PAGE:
• Don’t delay your mailing by trying to mail in bulk on one day
  • Include a business card in a letter
  • Lumpy mail gets attention–it gets opened and gets a good response
  • Have a conversation with your prospect
  • Publicize your direct-mail campaign

Read the original post at:  http://www.entrepreneur.com/article/193436


Read More

7 Things Really Big Winners Do

Everyone loves a winner. Most aspire to be one. Here are 7 traits big winners have in common.

1. Winners get in the game.

2. Winners boldly ask for what they want.

3. Winners understand their sphere of influence.

4. Winners gratefully leverage the strengths of others.

5.  Winners relentlessly self-promote

6. Winners shake off the losses.

7. Winners purse the awesome experience.

Read the original article at: http://www.inc.com/kevin-daum/7-things-really-big-winners-do.html?cid=sf01001

Read More

1 Thing to Know About Everything at Work

This post contains the single most important thing you need to know (IMHO) about each element of the working world. Here goes:

Arguments. Trying to win every argument is a good way to lose all your friends.

Brainstorming. Even with best intentions, most brainstorming produces only a dull drizzle.

Branding. Brand emerges from the customer’s experience; all branding can do is stick a label it.

Business Books. Most business books consist of 10 pages of content and 190 pages of filler. Mostly, case studies.

Career. If you lack a mental picture of your dream job, there’s zero chance you’ll ever find it.

Commitments. Your reputation is based not on how many commitments you keep but on how few commitments you don’t.

Corporate Culture. Once a company experiences great success, its culture will resist change, even when it absolutely must adapt to survive.

Co-workers. Co-workers enjoy gossip but they respect discretion.

Customers. A single loyal customer is worth a hundred hot sales leads.

Read the original post at: http://www.inc.com/geoffrey-james/1-thing-to-know-about-everything-at-work.html

Read More

13 Fun Facts That Will Make Your ‘About Me’ A Lot Less Boring

A professional bio is great, but what if you could add a tiny bit of flavor by adding some fun facts about yourself.  This opens up a whole new level of engagement between your colleagues, clients , and even customers.  Consider using these fun facts in your bio next time and see what kind of feedback you receive.

1. How did your childhood prepare you for your job today?

2. What’s your dream occupation — the one job you’d love to have if you weren’t doing what you’re doing now?

3. Describe your first car and what you loved or hated most about it.

4. Do you have hidden talents most people don’t know about?

5. What one accomplishment are you most proud of?

6. What embarrassing mistake have you made that has taught you a lesson?

7. What’s the most unusual item in your desk drawer?

8. What’s your favorite sports team and how far will you go to show your support?

9. Share something funny or endearing about your pet.

10.  What’s your guilty pleasure?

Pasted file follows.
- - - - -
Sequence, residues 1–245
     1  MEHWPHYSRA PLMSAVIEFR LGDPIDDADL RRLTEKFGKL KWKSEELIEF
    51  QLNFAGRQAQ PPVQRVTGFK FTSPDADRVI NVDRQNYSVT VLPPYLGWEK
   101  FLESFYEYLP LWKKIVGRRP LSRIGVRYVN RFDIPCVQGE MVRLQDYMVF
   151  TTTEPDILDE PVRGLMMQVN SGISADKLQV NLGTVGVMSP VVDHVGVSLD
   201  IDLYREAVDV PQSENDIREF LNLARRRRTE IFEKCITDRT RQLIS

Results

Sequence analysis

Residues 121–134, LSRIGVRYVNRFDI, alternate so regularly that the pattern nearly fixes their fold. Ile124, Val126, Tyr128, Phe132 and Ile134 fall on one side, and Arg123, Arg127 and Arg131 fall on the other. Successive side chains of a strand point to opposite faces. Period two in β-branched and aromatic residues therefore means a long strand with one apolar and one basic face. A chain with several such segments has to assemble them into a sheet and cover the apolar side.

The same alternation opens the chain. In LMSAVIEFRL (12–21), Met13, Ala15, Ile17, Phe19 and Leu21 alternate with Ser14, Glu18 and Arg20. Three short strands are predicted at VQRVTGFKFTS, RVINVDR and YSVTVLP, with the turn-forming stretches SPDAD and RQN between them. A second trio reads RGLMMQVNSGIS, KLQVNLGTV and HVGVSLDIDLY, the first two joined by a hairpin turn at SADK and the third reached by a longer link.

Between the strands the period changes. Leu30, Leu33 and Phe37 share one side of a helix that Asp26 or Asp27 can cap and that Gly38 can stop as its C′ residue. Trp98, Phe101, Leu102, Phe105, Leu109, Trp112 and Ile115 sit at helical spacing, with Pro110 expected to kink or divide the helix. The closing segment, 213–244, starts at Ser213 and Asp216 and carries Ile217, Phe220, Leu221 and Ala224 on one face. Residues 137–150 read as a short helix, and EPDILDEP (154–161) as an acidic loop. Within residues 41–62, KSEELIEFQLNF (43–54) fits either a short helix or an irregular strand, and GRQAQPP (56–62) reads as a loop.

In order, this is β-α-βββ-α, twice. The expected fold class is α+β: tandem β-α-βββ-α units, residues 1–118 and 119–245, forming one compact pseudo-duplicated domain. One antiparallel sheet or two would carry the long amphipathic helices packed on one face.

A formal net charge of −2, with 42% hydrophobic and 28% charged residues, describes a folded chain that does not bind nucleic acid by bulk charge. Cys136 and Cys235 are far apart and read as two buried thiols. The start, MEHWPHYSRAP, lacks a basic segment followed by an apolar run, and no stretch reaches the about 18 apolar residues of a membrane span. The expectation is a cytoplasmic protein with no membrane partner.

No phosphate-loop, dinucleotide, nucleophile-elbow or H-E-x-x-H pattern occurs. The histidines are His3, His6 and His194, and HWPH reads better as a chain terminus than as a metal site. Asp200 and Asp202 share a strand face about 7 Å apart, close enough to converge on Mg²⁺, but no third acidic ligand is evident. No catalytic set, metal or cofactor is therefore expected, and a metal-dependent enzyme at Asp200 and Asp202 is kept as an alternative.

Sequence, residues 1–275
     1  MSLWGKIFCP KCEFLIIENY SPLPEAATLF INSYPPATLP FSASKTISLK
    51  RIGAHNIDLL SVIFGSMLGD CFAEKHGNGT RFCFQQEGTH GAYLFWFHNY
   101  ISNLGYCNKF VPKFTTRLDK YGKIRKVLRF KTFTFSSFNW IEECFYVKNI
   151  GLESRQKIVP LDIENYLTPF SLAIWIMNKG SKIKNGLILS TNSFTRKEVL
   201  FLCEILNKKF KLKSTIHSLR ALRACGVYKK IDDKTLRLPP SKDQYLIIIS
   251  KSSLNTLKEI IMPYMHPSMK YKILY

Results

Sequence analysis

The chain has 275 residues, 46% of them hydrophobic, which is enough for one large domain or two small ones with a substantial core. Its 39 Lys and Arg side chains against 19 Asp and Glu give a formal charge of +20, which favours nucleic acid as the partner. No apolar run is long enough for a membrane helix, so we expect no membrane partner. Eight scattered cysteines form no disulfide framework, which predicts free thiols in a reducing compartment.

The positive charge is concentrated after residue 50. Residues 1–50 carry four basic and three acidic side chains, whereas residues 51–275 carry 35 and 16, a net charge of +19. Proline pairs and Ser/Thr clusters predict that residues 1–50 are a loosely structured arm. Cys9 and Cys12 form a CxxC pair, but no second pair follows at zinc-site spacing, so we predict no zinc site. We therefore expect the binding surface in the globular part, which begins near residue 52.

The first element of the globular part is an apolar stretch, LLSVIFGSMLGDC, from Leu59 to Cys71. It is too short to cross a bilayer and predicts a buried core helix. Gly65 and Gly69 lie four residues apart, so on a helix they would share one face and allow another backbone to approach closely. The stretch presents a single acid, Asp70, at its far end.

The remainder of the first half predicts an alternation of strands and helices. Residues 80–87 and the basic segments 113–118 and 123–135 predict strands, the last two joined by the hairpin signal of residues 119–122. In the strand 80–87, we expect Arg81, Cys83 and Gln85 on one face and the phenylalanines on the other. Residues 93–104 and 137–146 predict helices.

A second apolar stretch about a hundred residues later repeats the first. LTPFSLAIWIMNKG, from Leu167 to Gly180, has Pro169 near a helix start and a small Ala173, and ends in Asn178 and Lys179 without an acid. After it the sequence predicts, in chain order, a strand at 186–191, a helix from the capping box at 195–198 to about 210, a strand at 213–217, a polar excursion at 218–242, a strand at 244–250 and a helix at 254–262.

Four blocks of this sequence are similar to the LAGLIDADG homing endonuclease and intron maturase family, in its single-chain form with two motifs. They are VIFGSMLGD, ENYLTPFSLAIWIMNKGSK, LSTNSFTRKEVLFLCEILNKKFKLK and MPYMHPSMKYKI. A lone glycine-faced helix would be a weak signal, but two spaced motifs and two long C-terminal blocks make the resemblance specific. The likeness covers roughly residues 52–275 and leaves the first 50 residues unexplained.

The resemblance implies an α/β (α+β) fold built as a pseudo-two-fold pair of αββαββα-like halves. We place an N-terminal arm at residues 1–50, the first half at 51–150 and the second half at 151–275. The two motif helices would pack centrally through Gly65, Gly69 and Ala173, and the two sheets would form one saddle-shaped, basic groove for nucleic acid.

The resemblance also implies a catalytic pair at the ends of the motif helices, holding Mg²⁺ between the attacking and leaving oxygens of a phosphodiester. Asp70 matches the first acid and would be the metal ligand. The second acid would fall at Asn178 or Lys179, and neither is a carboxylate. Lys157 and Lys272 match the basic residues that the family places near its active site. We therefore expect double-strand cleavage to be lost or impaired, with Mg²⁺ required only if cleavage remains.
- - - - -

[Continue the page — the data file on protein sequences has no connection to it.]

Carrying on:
11. How did people describe you in your high school yearbook?

12. Who’s your best friend and why?

13. What’s on your Bucket List?

Get access to the original post at: http://www.entrepreneur.com/article/234989



Read More

Positive Thinking: 7 Easy Ways to Improve a Bad Day

Cheer up! Just because you’re having a bad day doesn’t mean you have a bad life. These tips should help get you back on your feet and feeling better in no time!

1. Remember that the past does not equal the future

2. Refuse to make self-fulfilling prophesies

3. Get a sense of proportion

4. Change your threshold for “good” and “bad”

5. Improve your body chemistry

6.  Focus on what’s going well

7. Expect something wondrous

See the original post at: http://www.inc.com/geoffrey-james/positive-thinking-7-easy-ways-to-improve-a-bad-day.html

Read More

20 Awesome Productivity Tricks Anyone Can Use

  1. Create Systems, Not Goals
  2. Make Temptations Hard to Reach
  3. Maximize Your Most Important Tasks
  4. Purposely Allow Less Time for Key Projects
  5. Stop In the Middle
  6. Chunk Housekeeping Tasks
  7. Just Say No
  8. Start Small So You Won’t Mind
  9. Build In Frequent Breaks
  10. Follow the 2-Minute Rule
  11. Actively Schedule Free Time
  12. Exercise First Thing in the Morning
  13. Eat a Healthy Lunch Every Day
  14. Drink a Lot More Water
  15. Take a Productivity Nap
  16. Make More Time For Your Favorite People
  17. Count Your Blessings Before Bed
  18. Use Your Mind for Thinking, Not Remembering
  19. Turn off Alerts
  20. Be Inspired By Small Successes

Visit the original blog post at: http://www.inc.com/ss/jeff-haden/20-awesome-productivity-tricks-anyone-can-use#0

Read More

10 Inspiring Quotes for Small Business Owners

1. “In between goals is a thing called life, that has to be lived and enjoyed.” Sid Caesar

2. “A pessimist sees the difficulty in every opportunity; an optimist sees the opportunity in every difficulty.” – Winston Churchill

3. “Don’t be cocky. Don’t be flashy. There’s always someone better than you.” – Tony Hsieh

4. “The Secret of getting ahead is getting started. The secret of getting started is breaking your complex overwhelming tasks into smaller manageable tasks, and then starting on the first one. “Mark Twain

5. “I’ve missed more than 9,000 shots in my career. I’ve lost almost 300 games. 26 times I’ve been trusted to take the game winning shot missed. I’ve failed over and over and over in my life and that is why I succeed.” -Michael Jordan

6. “If you’re not a risk taker, you should get the hell out of business.” -Ray Kroc

7.  “Whether you think you can, or think you can’t you’re right.” -Henry Ford

8.  “Life is not always a matter of holding good cards, but sometimes playing a poor hand well.” Jack London

9.  “The way to get started is to quit talking and start doing.” – Walt Disney

10. “Your work is going to fill a large part of your life, and the only way to be truly satisfied is to do what you believe is great work. And the only way to do great work is to love what you do.” Steve Jobs


Read More